The ERV would take some eight months to reach Mars. Once there, a relatively simple set of chemical reactions (the Sabatier reaction coupled with electrolysis) would combine a small amount of hydrogen carried by the ERV with the carbon dioxide of the Martian atmosphere to create up to 112 tonnes of methane and oxygen propellants, 96 tonnes of which would be needed to return the ERV to Earth at the end of the mission. This process would take approximately ten months to complete.
Some 26 months after the ERV is originally launched from Earth, a second vehicle, the Mars Habitat Unit (MHU), would be launched on a high-energy transfer to Mars carrying a crew of four. This vehicle would take some six months to reach Mars. During the trip, artificial gravity would be generated by tying the spent upper stage of the booster to the Habitat Unit, and setting them both rotating about a common axis.
On reaching Mars, the useless spent upper stage would be jettisoned, with the Habitat Unit aerobraking into Mars orbit before soft-landing in proximity to the ERV.
Once on Mars, the crew would spend 18 months on the surface, carrying out a range of scientific research, aided by a small rover vehicle carried aboard their MHU, and powered by excess methane produced by the ERV.
To return, they would use the ERV, leaving the MHU for the possible use of subsequent explorers. The propulsion stage of the ERV would be used as a counterweight to generate artificial gravity for the trip back.
The initial cost estimate for Mars Direct was put at $55 billion, to be paid over ten years.
The NASA model, referred to as the Design Reference Mission, currently on version 3, calls for a significant upgrade in hardware (up to 3 launches per mission, not two), and sends the ERV to Mars fully fuelled, parking it in orbit above the planet, where it is reached by a small ascent craft.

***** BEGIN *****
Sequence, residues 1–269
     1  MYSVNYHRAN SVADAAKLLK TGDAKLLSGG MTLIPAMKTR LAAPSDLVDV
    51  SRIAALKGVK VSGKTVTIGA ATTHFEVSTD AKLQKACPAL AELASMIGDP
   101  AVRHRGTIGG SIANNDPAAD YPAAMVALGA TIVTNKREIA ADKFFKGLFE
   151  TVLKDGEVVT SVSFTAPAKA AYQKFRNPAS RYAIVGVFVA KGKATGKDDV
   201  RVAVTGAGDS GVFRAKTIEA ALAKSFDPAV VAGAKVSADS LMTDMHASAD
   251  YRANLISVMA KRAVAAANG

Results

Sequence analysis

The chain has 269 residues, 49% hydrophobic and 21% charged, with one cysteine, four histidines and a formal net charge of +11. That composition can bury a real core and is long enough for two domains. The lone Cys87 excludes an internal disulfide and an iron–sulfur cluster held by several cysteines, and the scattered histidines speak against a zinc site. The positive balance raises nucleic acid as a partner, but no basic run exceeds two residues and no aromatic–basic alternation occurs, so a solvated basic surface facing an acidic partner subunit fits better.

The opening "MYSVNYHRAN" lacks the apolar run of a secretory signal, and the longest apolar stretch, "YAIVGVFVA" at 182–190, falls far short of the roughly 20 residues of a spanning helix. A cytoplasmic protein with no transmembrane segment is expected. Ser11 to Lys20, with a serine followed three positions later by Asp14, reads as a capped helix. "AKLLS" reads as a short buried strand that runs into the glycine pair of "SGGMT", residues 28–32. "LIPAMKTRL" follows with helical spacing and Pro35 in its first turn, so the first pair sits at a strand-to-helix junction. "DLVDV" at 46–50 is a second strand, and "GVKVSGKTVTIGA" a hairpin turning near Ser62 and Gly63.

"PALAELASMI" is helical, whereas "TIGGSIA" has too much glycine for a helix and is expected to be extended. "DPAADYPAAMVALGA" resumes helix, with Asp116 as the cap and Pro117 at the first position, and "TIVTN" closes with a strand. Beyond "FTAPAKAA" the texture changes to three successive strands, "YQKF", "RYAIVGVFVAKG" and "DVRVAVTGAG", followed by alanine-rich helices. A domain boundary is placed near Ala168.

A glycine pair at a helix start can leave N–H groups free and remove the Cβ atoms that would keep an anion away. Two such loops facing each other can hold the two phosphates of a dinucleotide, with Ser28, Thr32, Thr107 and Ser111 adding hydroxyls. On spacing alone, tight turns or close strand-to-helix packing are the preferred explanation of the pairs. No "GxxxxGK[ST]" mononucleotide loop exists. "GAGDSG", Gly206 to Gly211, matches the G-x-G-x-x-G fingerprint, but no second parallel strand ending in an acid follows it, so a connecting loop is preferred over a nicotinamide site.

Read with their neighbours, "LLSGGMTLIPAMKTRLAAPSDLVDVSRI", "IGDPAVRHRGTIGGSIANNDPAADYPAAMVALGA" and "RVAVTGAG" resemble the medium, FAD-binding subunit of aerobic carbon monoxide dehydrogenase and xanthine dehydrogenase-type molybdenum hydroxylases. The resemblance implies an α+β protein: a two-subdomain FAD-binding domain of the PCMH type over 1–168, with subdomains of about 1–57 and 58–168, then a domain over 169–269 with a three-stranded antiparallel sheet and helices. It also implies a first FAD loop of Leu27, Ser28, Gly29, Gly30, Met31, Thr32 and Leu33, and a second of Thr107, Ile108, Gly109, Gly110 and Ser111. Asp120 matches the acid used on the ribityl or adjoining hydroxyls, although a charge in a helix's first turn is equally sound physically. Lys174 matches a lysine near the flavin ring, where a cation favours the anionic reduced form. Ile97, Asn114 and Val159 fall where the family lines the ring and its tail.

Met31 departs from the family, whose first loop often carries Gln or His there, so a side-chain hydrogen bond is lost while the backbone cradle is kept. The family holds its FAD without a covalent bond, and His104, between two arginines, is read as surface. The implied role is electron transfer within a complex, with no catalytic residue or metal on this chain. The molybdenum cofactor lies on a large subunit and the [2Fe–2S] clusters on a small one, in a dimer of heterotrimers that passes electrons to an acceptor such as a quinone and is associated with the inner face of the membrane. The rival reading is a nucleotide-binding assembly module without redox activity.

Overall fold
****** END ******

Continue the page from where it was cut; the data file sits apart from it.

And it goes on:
The Mars Society and Stanford studies retain the original 2-vehicle mission profile of Mars Direct, but increase the crew size to six.
The Mars Society has argued the viability of the Mars Habitat Unit concept through their Mars Analogue Research Station program.
Mars Direct was featured on a Discovery Channel programs Mars: The Next Frontier in which were discussed, in part, issues surrounding NASA funding of the project, and on Mars Underground, where the plan is discussed more in-depth.
Currently NASA is in the final stages of implementing a modified Mars Direct approach to both Lunar and Martian exploration. Zubrin's ultimate goal of a fully terraformed and colonized Mars is a long-term, multigenerational goal, but eventually, if NASA's 30 year architecture is carried to fruition, that end might be seen as plausible.
A modified proposal, "Mars for Less" , was developed by Grant Bonin and has been adopted as the design reference mission for a new umbrella group of advocates, the MarsDrive consortium The design retains most of the essential features of Mars Direct, but uses multiple medium-lift rocket launchers that are commercially available today (such as the Ariane V or the Delta rocket) to launch the crew vehicles, and their propulsion, separately, and mate them in orbit. By doing so, the multi-billion dollar development cost of a new launch vehicle is avoided.
A modified proposal has also been offered by Dean Unick, to not return the first immigrant/explorers immediately, or ever. The cost of sending a four or six person team is one fifth to one tenth the cost of returning that same four or six person team. A quite complete lab can be sent and landed for less than the cost of sending back even 50 kilos of rocks. Twenty or more persons can be sent for the cost of returning four. It is far less expensive, makes for better science, makes far more sense, to colonize. Returns would be far easier and less expensive, and far safer, once there is a developed and operating base. Send brick masons, not pilots. Send older explorers, not young.